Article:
As a Daytona Beach DUI lawyer and former DUI Assistant State Attorney in Daytona Beach Kevin J. Pitts has handled hundreds of DUI cases. The fourth phase of a Florida DUI case is the chemical test of your breath blood and or urine. When arrested decisions will have to be made on the breath test and/or urine test (you can be requested to do both breath and urine). Blood tests are most common in felony DUI cases. In a DUI with serious bodily injury or fatality a blood test is mandatory and can be taken by force. The decision to refuse or submit to a test is very important. Many individuals believe that if they have had a few drinks they should automatically refuse. The problem is that a refusal carries substantial consequences.
The first question that needs to be asked is are you more concerned about a DUI conviction or not being able to drive. No matter how high you blow you will be able to drive in a restricted capacity after 30 days without driving if the proper steps are taken. A first refusal would have a 90 day hard suspension without any hardship license.
When should you submit to a breath test? If you primary concern is the restriction on your ability to drive. If your breath alcohol content is likely to be near or under the legal limit. If you are slightly over .08% the intoxilyzer has a 3 point or 3% inaccuracy disclosed by the manufacturer in paperwork. This is on controlled lab tests and is likely minimized for marketing. The breath test machine also uses a .02 tolerance to verify the results. Two tests are taken for verification. If you blow a .08% any result between .06% and .10% would be valid for the second test. If your breath alcohol content is near .08% these built in inaccuracies help you. A separate method to attack the results if they are around .08% is retrograde extrapolation. Retrograde extrapolation is the mathematical process by which the accused’s blood alcohol concentration at the time of driving is estimated by projecting backwards from your test result. You are not DUI for sitting in the police station over .08%. The blood alcohol content could increase or decrease between .015% and .02% per hour. If it could be higher or lower.That .02 could be your reasonable doubt and gives you a fighting chance of beating the case.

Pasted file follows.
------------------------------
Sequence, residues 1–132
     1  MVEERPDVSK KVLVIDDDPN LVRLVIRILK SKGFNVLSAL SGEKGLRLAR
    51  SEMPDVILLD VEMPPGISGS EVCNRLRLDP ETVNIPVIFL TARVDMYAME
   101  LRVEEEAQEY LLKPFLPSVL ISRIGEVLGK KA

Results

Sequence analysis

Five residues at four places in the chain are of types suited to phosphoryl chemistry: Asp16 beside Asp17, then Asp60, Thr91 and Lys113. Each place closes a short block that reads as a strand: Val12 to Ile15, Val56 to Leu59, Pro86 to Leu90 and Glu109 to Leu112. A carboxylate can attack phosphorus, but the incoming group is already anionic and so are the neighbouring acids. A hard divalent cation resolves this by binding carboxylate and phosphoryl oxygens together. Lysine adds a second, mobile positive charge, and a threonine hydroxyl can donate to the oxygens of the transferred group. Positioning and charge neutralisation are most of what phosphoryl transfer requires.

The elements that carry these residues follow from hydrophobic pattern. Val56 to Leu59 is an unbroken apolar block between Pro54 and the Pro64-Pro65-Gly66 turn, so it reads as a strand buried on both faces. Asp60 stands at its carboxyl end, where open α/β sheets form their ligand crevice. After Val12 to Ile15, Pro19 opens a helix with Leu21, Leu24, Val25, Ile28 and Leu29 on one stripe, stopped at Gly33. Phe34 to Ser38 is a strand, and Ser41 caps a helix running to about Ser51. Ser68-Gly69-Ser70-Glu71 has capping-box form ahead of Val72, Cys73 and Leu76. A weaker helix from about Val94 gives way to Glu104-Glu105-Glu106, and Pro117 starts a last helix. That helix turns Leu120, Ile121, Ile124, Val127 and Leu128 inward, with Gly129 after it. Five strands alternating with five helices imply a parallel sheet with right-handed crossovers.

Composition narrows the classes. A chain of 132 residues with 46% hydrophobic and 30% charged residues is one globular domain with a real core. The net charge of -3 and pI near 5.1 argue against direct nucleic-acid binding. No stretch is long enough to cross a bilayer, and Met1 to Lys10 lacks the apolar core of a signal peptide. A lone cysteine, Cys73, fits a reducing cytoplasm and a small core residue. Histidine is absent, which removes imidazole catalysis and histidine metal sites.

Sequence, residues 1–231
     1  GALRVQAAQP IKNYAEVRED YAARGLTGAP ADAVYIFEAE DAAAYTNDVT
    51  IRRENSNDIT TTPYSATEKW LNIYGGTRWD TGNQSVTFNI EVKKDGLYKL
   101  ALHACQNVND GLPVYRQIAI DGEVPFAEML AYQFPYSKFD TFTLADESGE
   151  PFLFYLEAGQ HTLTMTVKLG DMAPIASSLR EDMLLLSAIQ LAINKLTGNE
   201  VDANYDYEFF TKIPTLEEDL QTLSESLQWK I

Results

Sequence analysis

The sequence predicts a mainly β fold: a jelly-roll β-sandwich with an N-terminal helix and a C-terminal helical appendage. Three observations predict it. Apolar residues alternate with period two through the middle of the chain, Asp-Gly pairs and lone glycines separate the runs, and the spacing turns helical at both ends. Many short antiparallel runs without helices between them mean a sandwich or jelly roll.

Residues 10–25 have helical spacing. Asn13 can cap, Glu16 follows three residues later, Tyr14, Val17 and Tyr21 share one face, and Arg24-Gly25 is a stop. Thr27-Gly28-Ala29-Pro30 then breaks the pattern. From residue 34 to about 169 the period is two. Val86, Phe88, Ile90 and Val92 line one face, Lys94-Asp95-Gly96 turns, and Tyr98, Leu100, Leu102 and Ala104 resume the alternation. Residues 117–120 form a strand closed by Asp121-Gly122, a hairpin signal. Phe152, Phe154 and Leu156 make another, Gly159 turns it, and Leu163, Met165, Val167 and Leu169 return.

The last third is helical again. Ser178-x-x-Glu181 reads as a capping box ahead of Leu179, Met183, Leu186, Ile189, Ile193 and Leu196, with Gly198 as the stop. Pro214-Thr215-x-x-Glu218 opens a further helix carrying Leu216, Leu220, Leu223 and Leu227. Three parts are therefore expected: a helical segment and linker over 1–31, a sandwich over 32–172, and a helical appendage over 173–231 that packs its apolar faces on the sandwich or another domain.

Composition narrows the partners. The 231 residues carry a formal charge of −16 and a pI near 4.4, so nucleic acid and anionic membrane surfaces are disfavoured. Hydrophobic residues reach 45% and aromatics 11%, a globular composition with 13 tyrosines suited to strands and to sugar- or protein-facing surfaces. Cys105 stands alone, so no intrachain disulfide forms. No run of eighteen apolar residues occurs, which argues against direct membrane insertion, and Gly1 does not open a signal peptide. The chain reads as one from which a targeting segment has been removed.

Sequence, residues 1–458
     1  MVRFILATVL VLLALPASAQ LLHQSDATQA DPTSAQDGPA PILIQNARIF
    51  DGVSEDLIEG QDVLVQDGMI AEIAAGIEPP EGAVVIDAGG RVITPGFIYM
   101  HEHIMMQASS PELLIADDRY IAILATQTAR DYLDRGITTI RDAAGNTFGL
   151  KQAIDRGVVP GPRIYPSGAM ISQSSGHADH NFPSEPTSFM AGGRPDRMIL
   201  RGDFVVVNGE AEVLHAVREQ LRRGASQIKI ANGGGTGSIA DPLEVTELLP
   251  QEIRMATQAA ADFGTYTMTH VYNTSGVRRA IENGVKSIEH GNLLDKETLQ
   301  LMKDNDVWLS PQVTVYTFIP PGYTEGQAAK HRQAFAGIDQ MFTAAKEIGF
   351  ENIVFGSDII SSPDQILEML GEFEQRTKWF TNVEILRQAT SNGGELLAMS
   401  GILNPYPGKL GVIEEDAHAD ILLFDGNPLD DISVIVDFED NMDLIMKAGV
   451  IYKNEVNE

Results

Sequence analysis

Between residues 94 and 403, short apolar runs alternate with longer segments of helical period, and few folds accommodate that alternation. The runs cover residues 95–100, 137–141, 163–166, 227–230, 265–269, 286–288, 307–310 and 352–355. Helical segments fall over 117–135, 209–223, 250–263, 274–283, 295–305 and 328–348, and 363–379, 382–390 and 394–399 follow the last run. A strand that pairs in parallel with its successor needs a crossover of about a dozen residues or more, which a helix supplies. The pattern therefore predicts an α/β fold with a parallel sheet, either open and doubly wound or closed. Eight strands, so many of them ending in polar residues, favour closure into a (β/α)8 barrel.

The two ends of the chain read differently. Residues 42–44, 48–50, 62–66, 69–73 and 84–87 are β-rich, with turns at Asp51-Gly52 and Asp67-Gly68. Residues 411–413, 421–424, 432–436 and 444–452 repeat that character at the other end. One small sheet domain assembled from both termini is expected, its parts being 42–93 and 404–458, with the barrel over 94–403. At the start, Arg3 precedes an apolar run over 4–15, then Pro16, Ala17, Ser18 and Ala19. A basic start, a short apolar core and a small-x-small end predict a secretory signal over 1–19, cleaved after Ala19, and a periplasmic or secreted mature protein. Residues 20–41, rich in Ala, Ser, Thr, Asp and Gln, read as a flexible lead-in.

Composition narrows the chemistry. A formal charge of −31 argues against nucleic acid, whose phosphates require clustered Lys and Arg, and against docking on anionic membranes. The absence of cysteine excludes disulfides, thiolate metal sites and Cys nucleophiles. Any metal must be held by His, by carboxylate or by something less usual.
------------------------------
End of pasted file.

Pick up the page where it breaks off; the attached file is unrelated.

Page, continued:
Some counties in Central Florida will reduce cases with lower breath alcohol content and some counties in Central Florida will divert the case allowing you to have an opportunity to have your DUI case dropped. Refusals sometimes receive reductions and diversions but it is generally a policy of prosecutors to fight harder when the accused refuses.
When should you refuse a breath test? If it is clear that your breath alcohol content will far exceed the legal limit but only if punishment and convictions are your primary concern. You could still receive the administrative suspension regardless of the outcome of your criminal case. The administrative suspension on a first DUI refusal is 12 months with no driving for the first 90 days. A first DUI breath test suspension is 6 month with the first 30 days without driving. If your result is over .15% you will face an increased fine and interlock on your car but you will still be able to receive a hardship 30 days after your license is suspended. A DUI conviction can end some careers. If that is the case a double refusal might be the best option. No field sobriety exercises and no breath test. If you are a commercial driver refusing can cause additional issues by being calculated as a strike against you. If later convicted of DUI the two strikes could permanently suspend your CDL. You can always request a blood test and the officer has to reasonably accommodate you (give you a phone book and phone) or the case could be thrown out. It also lays the groundwork for refusing because of distrust of the machine not fear of guilt. Information provided by Daytona Beach DUI attorney Kevin J. Pitts.